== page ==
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Court finds driver liable for injuries suffered by US tourist

A driver involved in a 2018 crash in Southampton was liable for injuries suffered by a tourist, the Supreme Court has found.

Stephanie Ann Soule, from Grand Junction, Colorado, said she suffered lingering injuries after she was struck by a car driven by Reuben Waldron on March 22, 2018.

However, Mr Waldron argued that Ms Soule had struck his car as he was waiting to pull on to Middle Road.

During two hearings in March, the Supreme Court heard that Ms Soule – who lived in Bermuda between 1971 and 1974 – had visited the island in 2018 with her family.

On the day of the collision, she said she was riding a rental scooter west on Middle Road near George’s Bay Road with her husband and mother ahead of her and her father behind her.

Ms Soule said that as she passed a side road near the D&C Grill West restaurant, a car abruptly pulled out of the side road and into her lane.

She said she struck the car near its front wheel and was thrown forward, landing on her front right side.

Ms Soule was taken to King Edward VII Memorial Hospital for treatment and later was transported by air ambulance to St Mary’s Hospital in Colorado, USA.

In a statement of claim, Ms Soule said she suffered injuries to her nose, ribs, knees, femur, nerves and tibia plateau and was immobilised for a year.

She said the incident also left her unable to work in her former profession, which had caused a lack of income in addition to pain and suffering.

The court heard Ms Soule had claimed $156,000 in lost wages and $52,890 in medical expenses.

However, Mr Waldron disputed her version of events.

He told the court that he had picked up his lunch from the restaurant and pulled up to the intersection to wait for a clear opportunity to turn on to Middle Road.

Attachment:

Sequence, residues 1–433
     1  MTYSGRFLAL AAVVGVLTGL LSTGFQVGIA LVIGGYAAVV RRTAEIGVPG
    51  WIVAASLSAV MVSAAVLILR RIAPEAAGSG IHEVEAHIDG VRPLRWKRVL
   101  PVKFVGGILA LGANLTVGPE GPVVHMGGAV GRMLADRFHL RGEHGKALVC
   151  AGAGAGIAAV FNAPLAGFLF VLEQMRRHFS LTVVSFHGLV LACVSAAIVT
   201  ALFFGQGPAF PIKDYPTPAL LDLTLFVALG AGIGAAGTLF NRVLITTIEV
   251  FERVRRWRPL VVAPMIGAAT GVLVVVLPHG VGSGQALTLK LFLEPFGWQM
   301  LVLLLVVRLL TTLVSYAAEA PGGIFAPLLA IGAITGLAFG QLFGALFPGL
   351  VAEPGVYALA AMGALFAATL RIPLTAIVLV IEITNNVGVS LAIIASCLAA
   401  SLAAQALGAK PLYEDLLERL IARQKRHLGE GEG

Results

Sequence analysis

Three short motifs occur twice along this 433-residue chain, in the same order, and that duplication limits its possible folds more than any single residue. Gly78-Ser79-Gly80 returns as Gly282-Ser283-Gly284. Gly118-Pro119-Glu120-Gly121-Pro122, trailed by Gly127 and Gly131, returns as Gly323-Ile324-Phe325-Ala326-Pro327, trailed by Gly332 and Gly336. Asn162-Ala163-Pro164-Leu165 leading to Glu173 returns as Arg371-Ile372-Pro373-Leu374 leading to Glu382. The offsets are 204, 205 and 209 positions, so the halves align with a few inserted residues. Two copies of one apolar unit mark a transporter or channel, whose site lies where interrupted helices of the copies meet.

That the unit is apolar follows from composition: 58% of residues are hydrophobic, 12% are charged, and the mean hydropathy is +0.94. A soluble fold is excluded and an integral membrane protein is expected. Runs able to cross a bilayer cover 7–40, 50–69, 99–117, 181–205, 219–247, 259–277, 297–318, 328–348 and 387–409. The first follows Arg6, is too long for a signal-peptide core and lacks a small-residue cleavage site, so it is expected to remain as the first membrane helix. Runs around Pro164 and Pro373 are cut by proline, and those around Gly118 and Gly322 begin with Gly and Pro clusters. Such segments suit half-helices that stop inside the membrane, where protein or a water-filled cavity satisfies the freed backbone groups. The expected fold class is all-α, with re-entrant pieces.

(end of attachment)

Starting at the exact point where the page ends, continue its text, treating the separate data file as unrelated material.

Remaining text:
Mr Waldron said that when he stopped his car, the bumper was slightly in the westbound lane, but not enough to block traffic.

He claimed that he saw Ms Soule approach the intersection and heard her say: “Oh no he is going to pull out and hit me.”

Mr Waldron said she then made a sharp left turn and rode into his front bumper.

He added that he was never charged with any offences relating to the collision and he had his car repaired for $2,000.

Puisne Judge Larry Mussenden said in a judgment dated June 30 that he found Ms Soule had been driving properly at the time of the collision based on her evidence and that of her family members.

However, he rejected Mr Waldron’s version of events as inconsistent and said there was no evidence to support his suggestion Ms Soule had been riding in an “aggressive and reckless” manner.

“I take into account that Mr Waldron stated that he was frazzled and angry about the collision,” Mr Justice Mussenden said.

“In my view, this has clouded his version of events such that his instructions to his counsel as contained in his counsel’s letter, his witness statements and his evidence are not consistent about the riding manner of Mrs Soule.”

He said that the evidence had suggested a van had partially obstructed Mr Waldron’s view of Middle Road so he needed to take special care when entering the road.

While Mr Justice Mussenden found that Mr Waldron was liable for the collision, he said he would hear both parties further on the issue of damages at a future date.

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